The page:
The Member of Parliament for Bortianor-Ngleshie-Amanfro, Sylvester Tetteh, wants government to fast-track the processes leading to the return of the Agyapa Royalties deal to Parliament.
The deal was withdrawn from Parliament in 2020 after a series of opposition by Minority MPs and civil society organisations.
The deal seeks to monetise Ghana’s mineral resources for infrastructural development.
Taking his turn to debate the 2022 Budget Statement presented to the House by Finance Minister, Ken Ofori-Atta, Sylvester Tetteh said Ghana’s infrastructure deficit is a result of the unavailability of money to fund the project.
“Mr. Speaker, all of us here want development in our constituencies, but we forget that there is no money for such things. That is why the Agyapa deal should be brought back again to this house for approval, so we can fund critical projects in the country.”
He added that, “Mr. Speaker l will urge the President of the Republic to hurry up with the Agyapa deal, so we will get money to develop this country”.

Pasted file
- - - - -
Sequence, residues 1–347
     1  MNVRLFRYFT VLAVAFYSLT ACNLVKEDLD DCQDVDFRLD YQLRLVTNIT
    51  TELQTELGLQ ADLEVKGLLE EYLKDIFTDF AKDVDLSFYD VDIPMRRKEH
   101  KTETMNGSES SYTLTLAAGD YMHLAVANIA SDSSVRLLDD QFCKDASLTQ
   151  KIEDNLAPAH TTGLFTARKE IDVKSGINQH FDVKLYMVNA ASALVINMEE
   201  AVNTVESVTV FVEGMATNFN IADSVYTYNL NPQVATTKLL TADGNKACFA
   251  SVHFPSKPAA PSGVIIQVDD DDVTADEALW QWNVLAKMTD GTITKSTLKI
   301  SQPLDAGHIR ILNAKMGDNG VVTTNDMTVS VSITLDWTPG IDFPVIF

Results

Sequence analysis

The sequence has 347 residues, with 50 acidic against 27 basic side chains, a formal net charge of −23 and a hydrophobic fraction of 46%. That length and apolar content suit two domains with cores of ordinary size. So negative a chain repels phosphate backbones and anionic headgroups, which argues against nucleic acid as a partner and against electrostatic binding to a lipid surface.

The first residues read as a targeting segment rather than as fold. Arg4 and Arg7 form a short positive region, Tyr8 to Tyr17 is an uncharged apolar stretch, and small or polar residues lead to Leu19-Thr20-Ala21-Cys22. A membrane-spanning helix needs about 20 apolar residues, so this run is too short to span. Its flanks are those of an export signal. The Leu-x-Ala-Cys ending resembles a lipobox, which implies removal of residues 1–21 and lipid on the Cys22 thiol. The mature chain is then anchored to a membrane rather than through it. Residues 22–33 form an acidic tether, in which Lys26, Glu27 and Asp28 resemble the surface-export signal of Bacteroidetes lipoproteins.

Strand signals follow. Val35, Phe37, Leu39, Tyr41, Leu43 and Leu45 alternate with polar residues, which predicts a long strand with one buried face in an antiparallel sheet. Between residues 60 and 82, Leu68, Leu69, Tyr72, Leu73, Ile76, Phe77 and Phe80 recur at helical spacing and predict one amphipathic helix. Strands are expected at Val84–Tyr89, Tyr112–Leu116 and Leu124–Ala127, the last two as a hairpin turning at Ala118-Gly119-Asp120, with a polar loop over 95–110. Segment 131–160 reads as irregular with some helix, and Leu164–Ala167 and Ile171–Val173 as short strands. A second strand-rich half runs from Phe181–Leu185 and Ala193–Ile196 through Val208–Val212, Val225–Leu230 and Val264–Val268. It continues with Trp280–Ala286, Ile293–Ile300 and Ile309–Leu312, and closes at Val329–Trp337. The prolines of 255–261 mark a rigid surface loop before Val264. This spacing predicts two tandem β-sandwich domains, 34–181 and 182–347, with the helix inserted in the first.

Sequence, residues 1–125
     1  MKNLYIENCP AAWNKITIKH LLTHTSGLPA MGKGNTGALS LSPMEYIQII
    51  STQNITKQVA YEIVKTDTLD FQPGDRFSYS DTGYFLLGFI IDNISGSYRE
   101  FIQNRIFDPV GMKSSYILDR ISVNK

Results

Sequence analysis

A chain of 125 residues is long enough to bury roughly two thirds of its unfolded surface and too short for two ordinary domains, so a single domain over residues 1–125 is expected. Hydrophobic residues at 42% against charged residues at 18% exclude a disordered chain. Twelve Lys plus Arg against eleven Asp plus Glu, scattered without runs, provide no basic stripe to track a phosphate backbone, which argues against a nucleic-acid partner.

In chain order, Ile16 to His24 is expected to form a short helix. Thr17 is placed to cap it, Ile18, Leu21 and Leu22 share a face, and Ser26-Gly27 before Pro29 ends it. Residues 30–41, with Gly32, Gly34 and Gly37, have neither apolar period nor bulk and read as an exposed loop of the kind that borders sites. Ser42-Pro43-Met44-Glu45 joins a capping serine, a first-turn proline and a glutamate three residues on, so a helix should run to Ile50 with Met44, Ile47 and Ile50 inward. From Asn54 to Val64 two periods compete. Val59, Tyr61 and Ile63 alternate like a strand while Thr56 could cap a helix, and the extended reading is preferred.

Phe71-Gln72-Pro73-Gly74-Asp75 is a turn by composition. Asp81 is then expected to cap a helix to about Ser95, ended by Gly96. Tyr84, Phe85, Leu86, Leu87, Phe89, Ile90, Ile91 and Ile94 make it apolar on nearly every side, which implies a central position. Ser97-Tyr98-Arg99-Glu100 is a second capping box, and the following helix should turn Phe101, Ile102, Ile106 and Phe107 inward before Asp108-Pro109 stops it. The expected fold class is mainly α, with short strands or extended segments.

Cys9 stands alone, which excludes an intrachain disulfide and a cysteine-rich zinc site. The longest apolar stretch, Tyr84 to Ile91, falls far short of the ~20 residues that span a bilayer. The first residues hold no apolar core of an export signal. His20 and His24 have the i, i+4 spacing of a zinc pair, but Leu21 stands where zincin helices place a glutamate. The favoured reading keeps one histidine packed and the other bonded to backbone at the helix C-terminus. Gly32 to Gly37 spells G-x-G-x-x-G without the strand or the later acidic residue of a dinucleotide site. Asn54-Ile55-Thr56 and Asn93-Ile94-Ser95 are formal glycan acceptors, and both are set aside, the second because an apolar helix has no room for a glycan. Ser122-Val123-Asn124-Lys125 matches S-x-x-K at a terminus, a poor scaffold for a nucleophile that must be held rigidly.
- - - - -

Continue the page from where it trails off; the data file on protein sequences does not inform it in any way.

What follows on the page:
President Akufo-Addo in his 2021 state of the nation address announced that the government was fine-tuning the Agyapa deal after extensive consultation with all relevant stakeholders before bringing it to Parliament.
“The government will come back to engage the House on the steps it intends to take on the future of the Agyapa transaction,” the President said.
About the Agyapa deal
Parliament on August 14th approved the controversial Agyapa Mineral Royalty Limited agreement with the government of Ghana, despite a walkout by the Minority.
Two years ago, the House passed the Minerals Income Investment Fund Act 2018, which establishes the Fund to manage the equity interests of Ghana in mining companies, and receive royalties on behalf of the government.
The Fund is supposed to manage and invest these royalties and revenue from equities for higher returns for the benefit of the country.
The law allows the fund to establish Special Purpose Vehicles (SPVs) to use for the appropriate investments.